Why would anyone want to travel on a road which is known as the most dangerous road in the world, or alternatively as The Death Road? So yep, we decided to cycle down it!
We headed out from La Paz early as it was a bit of a trip to get to the top of the road. Within the first minute of getting onto the Death Road, we came up behind a Bolivian bus, which topped out at 35kph, so after a few frustrating minutes stuck behind it, made the sensible decision to overtake.
There only seemed to be room on the outside (the side with the 100 foot cliff) so I didn’t have much of a choice. I started pedalling flat-out to get past the bus, which was kicking up so much dirt and dust that I could barely see where I was going. Once I rounded the bus, and cleared out of the dust storm it had created, I realised I was headed straight for one of the notorious sharp bends in the road. I was pretty close to top speed at the time and I wasn’t able to turn as the road basically consisted of loose gravel at this stage.
As I was nearing the edge of the cliff I knew I had to pull the brakes as I couldn’t turn, but ended up pulling the front brake instead of the back one… I went straight over the handlebars, and landed inches from the edge of the cliff and the 100 foot drop below. Holy shit… near death experience number one on the Death Road.
So after that, we had another couple of hours of craziness, dodging cars, trucks, buses, waterfalls and the locals as we tore down the Most Dangerous Road in the world. Eventually, we arrived in Coroico looking and feeling great.
The next day, we decided to head for the jungle for a few days. We had two ways of getting there: go back to La Paz and fly into the jungle, or continue on the Death Road using one of the local buses! We had been seriously warned about not getting the bus as it was “not for tourists”. So yeah to be fair, it wasn’t really for tourists, it wasn’t necessarily for people either as we had plenty of farmyard animals to keep us company on the 20-hour bus journey into the jungle. After numerous breakdowns, a landslide and a random stop “to party” in some town, we finally rocked up to Rurrenabaque to start our jungle trek.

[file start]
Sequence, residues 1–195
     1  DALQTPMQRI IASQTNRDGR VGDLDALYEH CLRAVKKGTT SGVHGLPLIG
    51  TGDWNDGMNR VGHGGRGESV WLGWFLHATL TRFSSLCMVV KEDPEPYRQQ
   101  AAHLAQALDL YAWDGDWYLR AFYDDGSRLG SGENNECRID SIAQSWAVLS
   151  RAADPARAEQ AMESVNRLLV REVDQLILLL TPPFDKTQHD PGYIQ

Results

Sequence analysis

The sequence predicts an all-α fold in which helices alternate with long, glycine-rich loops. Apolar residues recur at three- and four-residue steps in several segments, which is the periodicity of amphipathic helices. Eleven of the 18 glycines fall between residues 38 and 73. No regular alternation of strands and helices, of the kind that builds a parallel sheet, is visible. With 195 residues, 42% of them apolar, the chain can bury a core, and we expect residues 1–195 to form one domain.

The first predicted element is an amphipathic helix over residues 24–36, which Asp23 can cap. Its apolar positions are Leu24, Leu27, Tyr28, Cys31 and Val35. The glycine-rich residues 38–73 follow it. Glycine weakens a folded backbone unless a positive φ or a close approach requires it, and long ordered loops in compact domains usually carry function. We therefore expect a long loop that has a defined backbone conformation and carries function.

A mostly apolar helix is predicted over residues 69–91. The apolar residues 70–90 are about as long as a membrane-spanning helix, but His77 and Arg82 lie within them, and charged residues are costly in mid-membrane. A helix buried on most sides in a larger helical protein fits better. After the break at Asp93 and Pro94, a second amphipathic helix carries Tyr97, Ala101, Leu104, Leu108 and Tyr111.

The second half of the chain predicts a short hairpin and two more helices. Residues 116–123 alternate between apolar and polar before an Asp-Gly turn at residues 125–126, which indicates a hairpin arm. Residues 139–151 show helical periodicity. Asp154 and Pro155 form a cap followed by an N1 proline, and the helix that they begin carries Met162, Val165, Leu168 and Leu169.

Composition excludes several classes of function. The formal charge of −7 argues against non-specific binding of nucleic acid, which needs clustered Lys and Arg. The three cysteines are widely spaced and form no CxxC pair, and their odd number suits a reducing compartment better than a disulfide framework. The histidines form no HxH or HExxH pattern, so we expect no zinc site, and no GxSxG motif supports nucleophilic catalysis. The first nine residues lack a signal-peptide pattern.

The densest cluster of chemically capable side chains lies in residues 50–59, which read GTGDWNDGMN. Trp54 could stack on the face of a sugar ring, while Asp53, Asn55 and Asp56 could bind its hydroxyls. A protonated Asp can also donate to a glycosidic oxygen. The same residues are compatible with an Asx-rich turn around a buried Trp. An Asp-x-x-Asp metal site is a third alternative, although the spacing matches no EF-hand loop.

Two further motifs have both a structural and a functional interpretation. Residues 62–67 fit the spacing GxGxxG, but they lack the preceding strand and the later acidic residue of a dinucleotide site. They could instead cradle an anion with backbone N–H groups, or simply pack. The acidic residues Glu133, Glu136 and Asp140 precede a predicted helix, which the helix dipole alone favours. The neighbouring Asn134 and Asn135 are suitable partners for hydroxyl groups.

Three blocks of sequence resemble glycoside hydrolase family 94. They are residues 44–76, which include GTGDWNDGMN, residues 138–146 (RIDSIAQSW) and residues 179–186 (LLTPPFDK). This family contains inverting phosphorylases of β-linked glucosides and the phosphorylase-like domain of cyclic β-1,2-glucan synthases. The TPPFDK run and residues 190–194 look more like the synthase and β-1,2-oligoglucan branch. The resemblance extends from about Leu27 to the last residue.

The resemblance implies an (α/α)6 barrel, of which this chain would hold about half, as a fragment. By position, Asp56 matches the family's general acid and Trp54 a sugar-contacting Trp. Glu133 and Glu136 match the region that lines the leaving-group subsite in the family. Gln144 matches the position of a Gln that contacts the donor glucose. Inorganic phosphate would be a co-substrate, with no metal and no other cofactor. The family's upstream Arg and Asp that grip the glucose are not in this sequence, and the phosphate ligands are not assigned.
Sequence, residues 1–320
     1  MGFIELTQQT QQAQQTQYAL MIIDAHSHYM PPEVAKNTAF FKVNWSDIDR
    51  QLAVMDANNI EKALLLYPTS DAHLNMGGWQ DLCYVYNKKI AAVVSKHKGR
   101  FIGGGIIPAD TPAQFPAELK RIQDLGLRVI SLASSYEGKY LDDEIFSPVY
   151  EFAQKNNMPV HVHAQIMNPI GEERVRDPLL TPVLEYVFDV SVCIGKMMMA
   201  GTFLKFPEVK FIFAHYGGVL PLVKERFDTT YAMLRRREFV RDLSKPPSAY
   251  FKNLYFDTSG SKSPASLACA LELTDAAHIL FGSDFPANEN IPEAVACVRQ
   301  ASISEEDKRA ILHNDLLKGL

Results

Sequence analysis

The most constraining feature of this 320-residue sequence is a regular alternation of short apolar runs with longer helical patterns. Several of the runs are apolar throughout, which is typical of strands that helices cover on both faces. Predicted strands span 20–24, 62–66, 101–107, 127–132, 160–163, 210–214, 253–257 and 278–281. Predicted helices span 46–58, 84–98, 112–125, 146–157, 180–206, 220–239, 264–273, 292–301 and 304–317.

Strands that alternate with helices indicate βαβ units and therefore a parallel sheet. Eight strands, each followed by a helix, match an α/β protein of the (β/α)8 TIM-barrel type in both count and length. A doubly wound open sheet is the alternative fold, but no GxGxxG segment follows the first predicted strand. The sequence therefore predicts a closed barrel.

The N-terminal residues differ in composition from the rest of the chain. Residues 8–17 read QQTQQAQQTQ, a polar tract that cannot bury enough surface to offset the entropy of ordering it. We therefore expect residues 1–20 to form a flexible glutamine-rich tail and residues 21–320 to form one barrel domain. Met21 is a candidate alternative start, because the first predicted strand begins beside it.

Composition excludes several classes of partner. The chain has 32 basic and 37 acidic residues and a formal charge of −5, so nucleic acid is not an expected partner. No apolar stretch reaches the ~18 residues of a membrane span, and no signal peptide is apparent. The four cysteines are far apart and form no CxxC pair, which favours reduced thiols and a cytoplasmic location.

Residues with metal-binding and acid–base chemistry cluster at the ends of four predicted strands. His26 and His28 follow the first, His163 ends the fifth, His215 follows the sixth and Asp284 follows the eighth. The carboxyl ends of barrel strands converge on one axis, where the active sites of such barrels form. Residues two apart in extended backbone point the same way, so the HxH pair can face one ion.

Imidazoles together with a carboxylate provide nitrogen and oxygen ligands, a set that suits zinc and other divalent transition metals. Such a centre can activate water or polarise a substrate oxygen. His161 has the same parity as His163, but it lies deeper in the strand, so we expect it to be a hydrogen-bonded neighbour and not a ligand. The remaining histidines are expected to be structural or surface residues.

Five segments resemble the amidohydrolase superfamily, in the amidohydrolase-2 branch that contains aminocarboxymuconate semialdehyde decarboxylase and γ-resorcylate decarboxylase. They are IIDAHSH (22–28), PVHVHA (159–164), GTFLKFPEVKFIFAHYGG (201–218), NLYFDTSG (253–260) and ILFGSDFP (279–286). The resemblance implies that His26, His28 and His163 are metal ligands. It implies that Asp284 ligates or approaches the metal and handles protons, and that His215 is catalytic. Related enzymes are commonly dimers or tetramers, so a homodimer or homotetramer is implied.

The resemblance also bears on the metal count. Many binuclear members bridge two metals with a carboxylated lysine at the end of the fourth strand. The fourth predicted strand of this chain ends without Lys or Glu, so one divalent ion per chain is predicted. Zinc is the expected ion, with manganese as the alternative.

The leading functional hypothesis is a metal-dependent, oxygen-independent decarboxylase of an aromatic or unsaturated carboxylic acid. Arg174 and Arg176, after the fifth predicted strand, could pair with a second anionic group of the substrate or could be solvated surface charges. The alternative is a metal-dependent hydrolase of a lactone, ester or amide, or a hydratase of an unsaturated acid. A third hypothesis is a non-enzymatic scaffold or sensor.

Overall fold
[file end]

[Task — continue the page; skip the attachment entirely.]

We weren’t exactly fluent in Spanish, so when we jumped onto a boat and went up river, deep into the jungle, we weren’t all that hopeful of finding an English-speaking person to show us what the jungle had to offer. Our guide’s name was Juan. We spent three days trekking in the jungle with him. We asked questions in English, he gave us what he thought was the answer in Spanish. He kept talking about something called “Selva”. He mentioned it constantly, so we were curious to find what it was. When we got back to Rurrenabaque, we met a local who knew a bit of English. We explained the story to him about Juan mentioning it all the time while we were trekking in the jungle.
After laughing for about 10 minutes solid, he let us know that the word “Selva” means jungle. Anyway, despite the language barrier, it was a quality few days spent trekking and sleeping out in the jungle with nothing but a sleeping bag and a mozzie net to cover us.
Later that day, as we sat down to have something to eat, we saw a report on the news showing a bus from Coroico to Rurrenabaque which plunged straight over the cliff on the Death Road and killed 23 people… that was the day after we got that same bus! Near-death experience number two on the Death Road.
Needless to say, we headed to the airport and booked a flight back to La Paz! Despite this being the “safer” option, we were amused to find that the runway was actually the field beside the one-roomed airport. No concrete on the runway – just grass. Oh how I love Bolivia!